In a Sensitive Period, China’s Security Vice Minister is Dismissed
A top Chinese domestic security official and crony of a political faction that seeks to sabotage the current Chinese leadership was abruptly removed from office in a sensitive period for the Chinese regime.
At the start of June, Chen Zhimin was a vice minister in the Chinese regime’s Ministry of Public Security with key portfolios in the cybersecurity agency and the office that oversees the semi-autonomous Chinese regions of Hong Kong and Macau.
Now Chen, who spent over two decades in law enforcement and has three years to go before hitting retirement age, appears to be completely out of work in the prime of his career.
In a list of official appointees and dismissals on June 9, the Chinese human resources ministry noted alongside other personnel changes that vice minister Chen had been “removed from office.” Chen, who was also deputy director of the Cyberspace Administration of China, is no longer featured on the internet censorship agency’s key personnel webpage.
Chen’s case is noteworthy because his sudden dismissal is bookended by two sensitive dates, June 10 and July 1. June 10 is the founding date of an extralegal security agency tasked with overseeing the persecution of Falun Gong. July 1 is the 20th anniversary of Hong Kong’s return to Chinese control, and Chinese leader Xi Jinping is expected to be in town for the festivities.
Given Chen’s previous involvement in the persecution and in Hong Kong affairs, the timing of his dismissal announcement suggests that his future prospects are grim.
Chen Zhimin, a native of Zhejiang Province, served in various leadership positions in the south central province of Hunan before moving up to the Ministry of Public Security in 2000. After about a year as deputy chief, Chen was promoted to head of Domestic Security Protection Bureau, a department tasked with suppressing dissidents, regular petitioners, and human rights activists.
Chen’s time in the Domestic Security Protection Bureau meant that he would be very familiar with the persecution campaign that former Communist Party chief Jiang Zemin ordered against Falun Gong.
In 1999, Jiang decided that Falun Gong, a traditional Chinese spiritual discipline that promotes physical fitness and moral teachings, was a threat to the atheist Chinese regime and should be eradicated. Jiang oversaw the creation of the “610 Office,” a Gestapo-like agency named after the date of its creation, to coordinate the persecution of Falun Gong.
Jiang had promised to reward Chinese officials who played an active role in the persecution, a policy which Chen appears to be a beneficiary of. Chen published a series of books slandering Falun Gong in August 2001 when he was deputy chief, and was made department chief by the end of that year.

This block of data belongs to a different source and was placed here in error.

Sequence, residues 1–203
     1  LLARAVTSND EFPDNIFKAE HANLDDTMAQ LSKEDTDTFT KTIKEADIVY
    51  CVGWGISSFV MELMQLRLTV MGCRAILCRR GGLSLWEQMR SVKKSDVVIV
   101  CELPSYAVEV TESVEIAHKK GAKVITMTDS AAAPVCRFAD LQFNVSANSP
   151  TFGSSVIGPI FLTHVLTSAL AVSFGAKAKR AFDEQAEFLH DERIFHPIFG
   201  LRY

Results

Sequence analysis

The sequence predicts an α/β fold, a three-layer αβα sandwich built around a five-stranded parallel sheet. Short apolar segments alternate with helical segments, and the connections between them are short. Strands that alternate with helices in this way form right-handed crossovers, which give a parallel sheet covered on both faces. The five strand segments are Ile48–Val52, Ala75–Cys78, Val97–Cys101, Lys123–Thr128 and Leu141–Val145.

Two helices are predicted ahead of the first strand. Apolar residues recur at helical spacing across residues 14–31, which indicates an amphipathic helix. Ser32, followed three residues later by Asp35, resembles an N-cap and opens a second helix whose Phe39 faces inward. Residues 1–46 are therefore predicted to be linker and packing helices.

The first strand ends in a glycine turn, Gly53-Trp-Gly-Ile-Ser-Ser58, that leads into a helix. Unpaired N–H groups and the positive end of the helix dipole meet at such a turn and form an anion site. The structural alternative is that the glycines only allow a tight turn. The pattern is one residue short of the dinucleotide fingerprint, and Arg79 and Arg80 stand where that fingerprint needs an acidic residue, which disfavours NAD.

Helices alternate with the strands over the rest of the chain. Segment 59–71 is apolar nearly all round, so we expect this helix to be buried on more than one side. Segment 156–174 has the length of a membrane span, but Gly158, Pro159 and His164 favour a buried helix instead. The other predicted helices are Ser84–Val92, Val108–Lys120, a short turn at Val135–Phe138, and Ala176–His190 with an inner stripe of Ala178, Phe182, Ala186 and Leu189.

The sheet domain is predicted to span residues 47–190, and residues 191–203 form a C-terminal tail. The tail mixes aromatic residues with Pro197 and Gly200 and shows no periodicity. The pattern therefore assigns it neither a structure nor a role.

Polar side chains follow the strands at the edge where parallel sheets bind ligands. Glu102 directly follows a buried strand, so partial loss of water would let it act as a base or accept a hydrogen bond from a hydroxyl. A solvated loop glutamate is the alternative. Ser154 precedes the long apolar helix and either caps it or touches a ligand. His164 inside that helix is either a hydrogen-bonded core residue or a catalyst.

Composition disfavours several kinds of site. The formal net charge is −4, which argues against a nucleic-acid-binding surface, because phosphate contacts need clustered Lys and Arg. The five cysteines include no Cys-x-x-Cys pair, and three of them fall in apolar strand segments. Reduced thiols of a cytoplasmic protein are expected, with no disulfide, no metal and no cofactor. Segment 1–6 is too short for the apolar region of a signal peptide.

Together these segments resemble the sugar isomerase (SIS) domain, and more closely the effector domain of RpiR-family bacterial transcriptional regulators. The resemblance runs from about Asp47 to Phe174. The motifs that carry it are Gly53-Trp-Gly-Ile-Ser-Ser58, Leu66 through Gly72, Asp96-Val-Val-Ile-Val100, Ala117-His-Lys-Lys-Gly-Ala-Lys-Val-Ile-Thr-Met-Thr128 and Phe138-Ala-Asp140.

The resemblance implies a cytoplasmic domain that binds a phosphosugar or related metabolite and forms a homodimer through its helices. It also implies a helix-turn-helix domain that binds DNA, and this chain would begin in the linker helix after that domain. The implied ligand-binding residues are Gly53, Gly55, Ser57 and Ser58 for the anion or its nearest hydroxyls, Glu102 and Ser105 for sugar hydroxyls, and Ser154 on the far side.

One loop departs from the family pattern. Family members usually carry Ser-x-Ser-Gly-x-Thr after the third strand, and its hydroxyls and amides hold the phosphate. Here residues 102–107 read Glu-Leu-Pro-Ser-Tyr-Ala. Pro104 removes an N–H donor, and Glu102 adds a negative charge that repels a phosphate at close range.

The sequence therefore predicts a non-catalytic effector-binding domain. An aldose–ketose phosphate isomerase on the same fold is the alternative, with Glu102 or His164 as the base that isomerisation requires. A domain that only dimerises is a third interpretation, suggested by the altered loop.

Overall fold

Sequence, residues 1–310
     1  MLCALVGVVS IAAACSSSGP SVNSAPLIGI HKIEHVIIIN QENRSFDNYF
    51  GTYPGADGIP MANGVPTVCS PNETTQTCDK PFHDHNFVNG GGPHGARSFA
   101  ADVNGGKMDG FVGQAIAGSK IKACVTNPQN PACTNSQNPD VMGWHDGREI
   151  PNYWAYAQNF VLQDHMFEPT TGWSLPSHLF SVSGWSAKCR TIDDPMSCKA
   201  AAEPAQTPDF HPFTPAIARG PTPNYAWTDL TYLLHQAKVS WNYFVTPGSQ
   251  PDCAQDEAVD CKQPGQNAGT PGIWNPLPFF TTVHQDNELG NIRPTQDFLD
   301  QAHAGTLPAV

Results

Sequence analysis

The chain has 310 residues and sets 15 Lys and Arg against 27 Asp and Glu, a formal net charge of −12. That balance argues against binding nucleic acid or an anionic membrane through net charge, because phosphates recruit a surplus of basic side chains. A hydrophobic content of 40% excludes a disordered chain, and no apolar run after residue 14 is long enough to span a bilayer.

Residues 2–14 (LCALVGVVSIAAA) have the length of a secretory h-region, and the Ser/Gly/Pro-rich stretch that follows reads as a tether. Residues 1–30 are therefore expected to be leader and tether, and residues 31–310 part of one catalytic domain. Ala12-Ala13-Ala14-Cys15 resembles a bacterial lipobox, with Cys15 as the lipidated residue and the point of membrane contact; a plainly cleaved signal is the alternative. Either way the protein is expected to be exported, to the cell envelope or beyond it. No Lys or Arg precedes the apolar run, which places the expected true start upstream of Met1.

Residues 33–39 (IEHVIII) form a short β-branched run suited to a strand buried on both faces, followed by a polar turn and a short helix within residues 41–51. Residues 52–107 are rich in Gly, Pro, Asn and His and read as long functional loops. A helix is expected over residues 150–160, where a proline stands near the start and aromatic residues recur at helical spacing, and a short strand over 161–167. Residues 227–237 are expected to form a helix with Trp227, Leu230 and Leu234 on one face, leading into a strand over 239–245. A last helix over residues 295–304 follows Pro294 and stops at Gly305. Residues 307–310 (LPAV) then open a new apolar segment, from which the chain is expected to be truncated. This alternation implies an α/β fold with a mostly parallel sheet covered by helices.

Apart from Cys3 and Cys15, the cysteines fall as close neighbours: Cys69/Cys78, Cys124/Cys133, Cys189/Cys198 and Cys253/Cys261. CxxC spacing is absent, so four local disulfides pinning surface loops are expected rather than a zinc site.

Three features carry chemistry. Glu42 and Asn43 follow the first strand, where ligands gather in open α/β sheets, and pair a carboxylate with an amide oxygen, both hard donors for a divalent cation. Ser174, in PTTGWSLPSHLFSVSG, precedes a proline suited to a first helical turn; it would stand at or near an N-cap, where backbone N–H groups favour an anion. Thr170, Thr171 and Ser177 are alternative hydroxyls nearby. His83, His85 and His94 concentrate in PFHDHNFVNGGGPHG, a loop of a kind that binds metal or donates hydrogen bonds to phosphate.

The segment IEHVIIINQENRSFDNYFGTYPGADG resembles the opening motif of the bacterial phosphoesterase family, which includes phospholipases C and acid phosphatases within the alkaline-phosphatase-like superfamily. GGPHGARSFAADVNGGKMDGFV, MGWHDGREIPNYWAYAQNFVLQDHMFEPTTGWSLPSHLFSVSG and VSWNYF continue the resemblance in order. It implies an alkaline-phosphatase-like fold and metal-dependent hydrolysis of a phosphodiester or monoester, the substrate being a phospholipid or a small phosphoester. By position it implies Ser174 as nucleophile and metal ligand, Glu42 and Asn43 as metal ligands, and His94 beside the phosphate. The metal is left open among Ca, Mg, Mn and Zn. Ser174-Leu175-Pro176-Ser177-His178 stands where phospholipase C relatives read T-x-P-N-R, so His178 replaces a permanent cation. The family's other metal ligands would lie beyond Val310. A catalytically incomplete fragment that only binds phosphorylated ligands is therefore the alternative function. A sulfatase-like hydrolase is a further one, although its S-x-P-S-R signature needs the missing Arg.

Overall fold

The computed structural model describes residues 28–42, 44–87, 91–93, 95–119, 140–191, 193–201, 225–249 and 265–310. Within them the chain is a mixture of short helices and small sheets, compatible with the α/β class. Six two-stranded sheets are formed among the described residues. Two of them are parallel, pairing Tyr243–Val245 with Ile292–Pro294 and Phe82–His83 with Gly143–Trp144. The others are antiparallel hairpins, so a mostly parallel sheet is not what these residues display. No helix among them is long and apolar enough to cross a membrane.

The World Organization to Investigate the Persecution of Falun Gong, a US-based NGO, lists Chen Zhimin as one of the main culprits responsible for persecuting Falun Gong practitioners.
The announcement of Chen’s removal near the founding of the 610 Office does not bode well for him. Several other top security officials who are members of the powerful faction helmed by Jiang Zemin, like former security czar Zhou Yongkang and provincial domestic security chief Zhang Yue, were purged or punished on corruption charges around key Falun Gong persecution dates. Jiang’s faction has sought to undermine the leadership of Xi Jinping even before Xi took office in 2012.
The Chinese human resources ministry didn’t offer a reason for Chen’s dismissal, and didn’t mention if he had received a new posting.
It is unclear whether or not Chen is being investigated for corruption. A high-level source in the Ministry of Public Security told this newspaper in January that Xi was preparing to remove security officials who were resisting his policies, and had set up an anti-corruption office inside the Ministry for this express purpose.
Chen’s dismissal could also be linked with his influence in Hong Kong and Xi Jinping’s upcoming visit to mark the anniversary of the handover.
In 2003, Chen was put in charge of the Ministry of Public Security’s Hong Kong and Macau Affairs Office. Chen continued to handle Hong Kong and Macau matters after becoming vice minister in 2009; this April, Chen and other ministry officials met with Hong Kong police commissioner and six other Hong Kong officials as part of an annual meeting.
Chen’s long involvement in Hong Kong and association with Jiang’s faction through his participation in persecution could have counted against him because Xi’s “safety and security while in Hong Kong is of paramount importance,” political commentator Tang Jingyuan told New Tang Dynasty Television, a sister media of The Epoch Times.
“Xi won’t trust Chen Zhimin, an official who was rapidly promoted in the Jiang era, and was part of Zhou Yongkang’s security apparatus,” Tang said.
Chang Chun contributed to this report.
By Irene Luo, Epoch Times